ODP Adventures - Bologna, Italy
I have called Bologna home now for the past 16 years. When I arrived for an internship back in 2001, the city was hardly a tourist spot and most international visitors only passed through by train, as it is conveniently located right on the main train line in the heart of Northern Italy connecting Milan, Venice, and Florence.
In Italy, Bologna is known as "La Dotta, La Grassa, e La Rossa", which translates to "the Scholar", as home to the oldest university in the world founded in 1088, "the Fat", as it is also the food capital of Italy, with many dishes such as tortellini and lasagna originating in the region, and "the Red" as it has traditionally been the seat of socialist and left-wing politics, but this also refers to the typical russet-colored roofs and facades in the historic city center. In the past years tourism has picked up, particularly due to the food culture, yet it still keeps its charm and gives a true experience of a prospering Italian city. I am happy to share some of my local favorites:
Grab a bite...
Grassilli is my favorite for Italian comfort food (homemade tortellini or passatelli and cotoletta bolognese). The owner Jacques is French-Swiss, although an adopted “Bolognese” like me, and the menu reflects a slight French twist on the classic bolognese dishes. He was the head chef from 1979-1996, and then he took over the ownership of the restaurant and is now passing the tradition on to his son, Jean-David. I love the intimate setting that feels like you've stepped into another era. It was one of the first restaurants I went to when I moved to Bologna and have been returning ever since!
A new discovery is Antica Osteria Le Mura, located on the south side of the city near Porta San Mamolo, which has recently re-opened under new management and offers traditional dishes yet also a few experimental renditions of the local cuisine.
For more casual quick bites, Osteria dell'Orsa in the University area offers family-style seating and homemade pasta from their pasta-making laboratory next door, and Zerocinquantino right off of Piazza Maggiore serves up traditional "tigelle" flatbread discs stuffed with cold-cuts and local cheeses.
Grab a drink...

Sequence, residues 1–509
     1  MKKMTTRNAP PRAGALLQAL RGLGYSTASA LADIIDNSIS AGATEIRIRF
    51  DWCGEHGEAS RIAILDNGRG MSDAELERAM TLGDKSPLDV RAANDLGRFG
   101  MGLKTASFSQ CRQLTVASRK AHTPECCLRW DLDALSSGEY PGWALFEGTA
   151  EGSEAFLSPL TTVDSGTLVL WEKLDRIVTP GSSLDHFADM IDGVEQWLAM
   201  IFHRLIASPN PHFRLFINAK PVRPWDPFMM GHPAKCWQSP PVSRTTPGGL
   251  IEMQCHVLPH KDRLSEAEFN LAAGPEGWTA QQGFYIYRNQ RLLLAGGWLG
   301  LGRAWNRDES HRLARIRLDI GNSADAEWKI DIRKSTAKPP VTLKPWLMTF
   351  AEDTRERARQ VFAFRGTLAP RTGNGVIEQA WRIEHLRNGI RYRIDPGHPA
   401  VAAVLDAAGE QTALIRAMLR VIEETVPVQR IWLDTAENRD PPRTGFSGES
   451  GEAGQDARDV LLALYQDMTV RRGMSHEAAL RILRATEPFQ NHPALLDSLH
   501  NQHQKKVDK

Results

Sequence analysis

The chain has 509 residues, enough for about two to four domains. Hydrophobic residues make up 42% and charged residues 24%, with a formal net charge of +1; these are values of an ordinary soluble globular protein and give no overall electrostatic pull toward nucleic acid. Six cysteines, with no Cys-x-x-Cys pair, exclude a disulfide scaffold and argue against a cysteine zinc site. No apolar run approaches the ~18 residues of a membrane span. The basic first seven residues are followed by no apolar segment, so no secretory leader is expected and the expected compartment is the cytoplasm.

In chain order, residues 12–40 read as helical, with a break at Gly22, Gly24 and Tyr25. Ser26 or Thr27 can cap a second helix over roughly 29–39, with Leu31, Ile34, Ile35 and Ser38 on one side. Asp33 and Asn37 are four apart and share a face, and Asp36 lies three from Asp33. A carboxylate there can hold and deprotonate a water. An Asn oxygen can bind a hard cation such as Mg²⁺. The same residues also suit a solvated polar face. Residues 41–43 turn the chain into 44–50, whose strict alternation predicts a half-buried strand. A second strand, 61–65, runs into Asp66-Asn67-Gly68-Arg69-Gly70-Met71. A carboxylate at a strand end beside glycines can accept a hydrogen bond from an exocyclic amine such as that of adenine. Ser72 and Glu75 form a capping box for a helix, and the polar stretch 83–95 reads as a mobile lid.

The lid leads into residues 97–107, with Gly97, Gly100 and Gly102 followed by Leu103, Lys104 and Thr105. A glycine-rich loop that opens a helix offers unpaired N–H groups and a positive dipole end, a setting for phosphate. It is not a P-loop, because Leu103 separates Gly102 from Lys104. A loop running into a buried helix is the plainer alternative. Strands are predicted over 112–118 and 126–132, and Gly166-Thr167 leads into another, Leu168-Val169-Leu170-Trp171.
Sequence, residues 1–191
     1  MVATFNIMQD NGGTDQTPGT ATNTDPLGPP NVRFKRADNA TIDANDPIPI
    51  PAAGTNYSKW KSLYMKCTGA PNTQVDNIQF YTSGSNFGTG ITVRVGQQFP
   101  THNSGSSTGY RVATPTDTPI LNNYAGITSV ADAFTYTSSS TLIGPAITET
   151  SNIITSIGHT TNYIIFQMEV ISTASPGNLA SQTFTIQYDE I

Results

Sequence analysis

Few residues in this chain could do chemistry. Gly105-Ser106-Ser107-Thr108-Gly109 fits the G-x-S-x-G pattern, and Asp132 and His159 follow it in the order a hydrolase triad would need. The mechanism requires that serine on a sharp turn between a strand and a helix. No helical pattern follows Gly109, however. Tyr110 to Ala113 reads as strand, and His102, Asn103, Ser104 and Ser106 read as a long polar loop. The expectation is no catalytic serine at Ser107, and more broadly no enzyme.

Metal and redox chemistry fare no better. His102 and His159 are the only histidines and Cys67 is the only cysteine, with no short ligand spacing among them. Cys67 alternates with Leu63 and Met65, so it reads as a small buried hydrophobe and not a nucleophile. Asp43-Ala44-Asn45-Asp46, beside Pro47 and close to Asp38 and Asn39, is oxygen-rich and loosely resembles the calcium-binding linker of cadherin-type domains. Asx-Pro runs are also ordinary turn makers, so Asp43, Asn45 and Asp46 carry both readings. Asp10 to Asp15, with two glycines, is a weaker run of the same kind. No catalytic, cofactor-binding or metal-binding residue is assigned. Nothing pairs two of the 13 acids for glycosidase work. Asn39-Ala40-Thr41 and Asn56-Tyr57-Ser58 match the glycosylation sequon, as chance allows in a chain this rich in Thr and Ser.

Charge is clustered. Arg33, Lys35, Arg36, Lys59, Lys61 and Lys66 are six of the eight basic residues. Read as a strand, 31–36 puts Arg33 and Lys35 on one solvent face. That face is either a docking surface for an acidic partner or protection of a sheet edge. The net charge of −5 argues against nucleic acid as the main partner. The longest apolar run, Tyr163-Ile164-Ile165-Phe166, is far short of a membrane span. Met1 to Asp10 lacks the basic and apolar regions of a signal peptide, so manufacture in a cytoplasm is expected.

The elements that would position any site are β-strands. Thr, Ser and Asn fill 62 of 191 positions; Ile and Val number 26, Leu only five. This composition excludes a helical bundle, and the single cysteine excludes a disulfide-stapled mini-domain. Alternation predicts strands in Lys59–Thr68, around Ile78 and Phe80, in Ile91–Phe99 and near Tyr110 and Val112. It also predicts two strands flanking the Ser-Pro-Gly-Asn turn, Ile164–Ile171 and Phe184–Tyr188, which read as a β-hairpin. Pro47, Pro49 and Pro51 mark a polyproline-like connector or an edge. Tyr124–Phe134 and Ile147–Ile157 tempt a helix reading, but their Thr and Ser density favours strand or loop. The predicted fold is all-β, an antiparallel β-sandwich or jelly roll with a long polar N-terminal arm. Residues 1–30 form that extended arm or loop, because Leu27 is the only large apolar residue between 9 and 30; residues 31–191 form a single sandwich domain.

The ambiance at Camera Con Vista is very opulent, and in the summer you can also sit outside and enjoy the view of Piazza Santo Stefano - a beautiful square known for the seven medieval churches surrounding it, the oldest of which dates back to the 5th century. My go-to cocktail is the Americano (of course).
Ruggine is also a hot-spot nestled in a tiny side-street near Piazza Santo Stefano. The location was originally a bicycle repair shop, and it has maintained its industrial-chic vibe, always buzzing with a young hip crowd.
Where to shop...
Mari Carraro offers a unique contemporary selection of European brands. It is easy to see how the selection reflects the exquisite personal taste of chic owners Marisa and her daughter Alice, ranging from classic staples of fine cashmere sweaters to feminine pieces with a slight boho flair.
La Ferramenta is a unique concept store located in a renovated historic hardware shop, where the original wooden casings and store fixtures are still preserved. With a slight street vibe, here you can find a curated selection of gifts, clothing, and cutting-edge eyewear.
The Italian multi-brand chain Folli Follie has just joined forces with the historic Ratti boutique and opened two locations in the heart of the Quadrilatero of Bologna: FR Boutique. The women's shop boasts top brands such as Dior, Ferragamo, and Roger Vivier, as well as a curated selection of new international brands in a beautiful art-deco-inspired atmosphere. The men's shop is located just around the corner under the dramatic glassed-in archways of Palazzo Ratti, which dates back to the 1400's.
Take home ...
The best souvenir would be handmade tortellini or local mortadella: it's truly what the Bolognese do best. Majani chocolates are also a very special local treasure, a family owned chocolatier that has been passed down through generations since the late 1700s - actually their store in the center of Bologna has been around since 1796, so definitely worth a visit and getting yourself a chocolate box to take back home!
Don't miss ...
Although the city alone has so much to offer, the countryside surrounding the city is breathtaking and offers another depth of appreciation to Bologna. Although a self-proclaimed city-girl, a few years ago I moved to the "country" (although just a short eight-minute drive outside the city... my husband had to time it to convince me) and discovered a whole new world there with views that rival Tuscany (and much less touristy). On a clear day in the winter I can see the snow-capped Apennine mountains, and in the Fall when the fog floats into the city, it settles into the rolling hills, which peek out like tiny little islands. It is truly magical, and has now converted me into a bona fide country-gal. A taste of this scenery can also be seen by walking up to the Sanctuary of the Madonna of San Luca, a church sitting above the city. The walk is about a 4km hike from the center of the city, most of which is under the famous covered arcade with 666 arches.
After that long trek you definitely deserve a gelato at Bologna's best gelateria: Cremeria Funivia. From the long lines outside you will think that they are giving it away, yet people queue up at all times of the day for their traditional and unique custom flavors. Take my advice: it is worth the wait!